These therapies are usually administered only once (since they are truly curative and causal), which in turn means the pharmaceutical company receives only one payment per patient. The price of an application can therefore amount to millions of dollars. It is then necessary to admit that ideal patients for the pharmaceutical industry are those that require expensive drugs for their entire lives, leading to predictable incomes for the pharmaceutical company. Current reimbursement policies are not designed to objectively reimburse single and final drug administrations, as such there is a complicated search for the optimal approach between healthcare payers and manufacturers.
An example is the discussion concerning a new gene therapy for a very serious, and until recently, incurable disease called spinal muscular atrophy. This gene therapy (called Zolgensma) causes the neurons of the patient to start producing the appropriate gene that will return mobility to the patients (infants). The cost of the therapy is still a matter of debate but is believed to be in millions of dollars. Serious ethical and pharmacoeconomic problems therefore emerge because there is an effective drug, but the cost is extremely prohibitive.
New indications for old drugs
An interesting area that is currently trending is the search for new indications for old drugs. Each drug has, in addition to its officially approved and registered therapeutic effect, a number of other effects that are referred to as side or undesired effects. Appropriate repositioning, reformulation or dosage change may make some of these side effects more interesting than the original effect. The search for these new effects can be conducted either empirically (e.g. by analysing the side effects) or directly by systematic analysis of the published clinical trial data, analysis of drug binding to receptors, or use of theoretical and computational chemistry methods. Already published preclinical and clinical data may be used to make the research significantly shorter and less expensive.
Dozens of drugs created by repositioning have already entered the market and the search for new ones continues intensively.
Interesting recent cases of repositioning include, for example, disulfiram, a drug used in the treatment of alcohol dependence. This substance is now being used in clinical trials related to treatment of AIDS and some types of tumours. Research studies in the field of psychiatry include the antidepressant effects of the old anaesthetic ketamine, respectively its optical isomer esketamine, and also the known hallucinogen psilocybin. The expected advantage of these drugs would primarily be a very rapid onset of action, as opposed to conventional antidepressants, which require many weeks for the effect to come to prominence.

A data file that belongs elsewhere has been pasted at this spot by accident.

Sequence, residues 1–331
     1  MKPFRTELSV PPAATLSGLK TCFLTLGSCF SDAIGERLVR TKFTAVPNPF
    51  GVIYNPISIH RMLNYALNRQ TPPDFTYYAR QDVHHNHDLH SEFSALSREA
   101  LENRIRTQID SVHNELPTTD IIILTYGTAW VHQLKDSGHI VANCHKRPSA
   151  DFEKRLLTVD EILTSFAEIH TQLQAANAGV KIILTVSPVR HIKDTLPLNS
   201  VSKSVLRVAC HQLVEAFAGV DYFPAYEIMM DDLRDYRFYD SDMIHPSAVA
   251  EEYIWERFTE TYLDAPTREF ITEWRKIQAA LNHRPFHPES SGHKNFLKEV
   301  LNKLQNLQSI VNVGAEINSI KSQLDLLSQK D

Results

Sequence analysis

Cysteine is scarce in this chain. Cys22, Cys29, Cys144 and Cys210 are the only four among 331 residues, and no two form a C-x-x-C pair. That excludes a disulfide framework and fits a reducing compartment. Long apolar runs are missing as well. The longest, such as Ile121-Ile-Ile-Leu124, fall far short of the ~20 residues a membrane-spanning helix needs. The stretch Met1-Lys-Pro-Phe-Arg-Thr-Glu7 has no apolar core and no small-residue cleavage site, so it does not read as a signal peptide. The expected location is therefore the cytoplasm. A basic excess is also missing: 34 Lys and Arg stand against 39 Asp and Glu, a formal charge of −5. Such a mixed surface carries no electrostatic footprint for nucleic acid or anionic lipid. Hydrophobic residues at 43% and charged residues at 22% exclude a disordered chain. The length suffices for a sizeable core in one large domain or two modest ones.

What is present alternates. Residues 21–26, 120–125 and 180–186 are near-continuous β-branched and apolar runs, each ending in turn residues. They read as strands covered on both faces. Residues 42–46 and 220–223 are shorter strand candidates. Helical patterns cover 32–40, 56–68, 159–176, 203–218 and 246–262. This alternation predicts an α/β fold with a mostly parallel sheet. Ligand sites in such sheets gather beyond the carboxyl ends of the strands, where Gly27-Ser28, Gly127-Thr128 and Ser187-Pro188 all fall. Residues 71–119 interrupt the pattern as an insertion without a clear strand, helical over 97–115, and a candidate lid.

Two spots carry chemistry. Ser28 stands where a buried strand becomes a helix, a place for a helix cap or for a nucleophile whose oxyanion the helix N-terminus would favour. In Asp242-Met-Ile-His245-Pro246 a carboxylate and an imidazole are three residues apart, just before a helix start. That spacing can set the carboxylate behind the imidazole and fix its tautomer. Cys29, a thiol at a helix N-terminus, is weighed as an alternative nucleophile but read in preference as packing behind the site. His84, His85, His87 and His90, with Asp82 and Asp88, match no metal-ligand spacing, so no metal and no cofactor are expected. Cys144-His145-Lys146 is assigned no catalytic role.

The cannabinoid market is expected to continue to grow. Products containing marijuana (THC) were stigmatized for a long time but as can be seen, for example in the USA, they have proven to be useful when tackling opioid and analgesic addictions. The legal use of cannabinoids will be of increasing important in the treatment of chronic pain and epilepsy, etc. For some time now, a gradual relaxation of some very restrictive legislation policies has been taking place all over the world which is doubtlessly going to drive even more research in this area.
“The legal use of cannabinoids will be of increasing important.”
Over-the-counter drugs and dietary supplements
An ever-increasing trend is in the popularity of various preparations and procedures that promise to clean the body of harmful influences, increase sexual potency or prolong youth, plus medications including the ingestion of various plant and artificial compositions. “Wellness” has become one of life goals not unlike achieving nirvana and the state of bliss.
This whole area is directly connected to the growing market of over-the-counter products, and in particular dietary supplements that do not generally have objective evidence of effectiveness but are in high demand. This trend has also attracted the attention of large pharmaceutical companies, most recently for example Glaxo and Pfizer with their joint investment in over-the-counter drugs and dietary supplements of 12 billion USD.
These are only a few examples of the changes and new trends that have increasingly been influencing medicine and the pharmaceutical industry in recent months.
Such developments present new challenges, but also opportunities for pharmaceutical companies. Some of the areas that have been covered above may have a disruptive effect and have the potential to rapidly change the character of the pharmaceutical industry. Large pharmaceutical companies often delegate some activities to specialized institutions. In the past, these included, for example, syntheses, analyses, clinical trials, documentation processing, etc. In the near future, these may include applications of artificial intelligence, remote patient monitoring, bio-printing, preparation of artificial cell structures and testing of new drugs in these systems. Only well-prepared and highly flexible companies will be able to survive in this rapidly changing global environment.
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August 29, 2019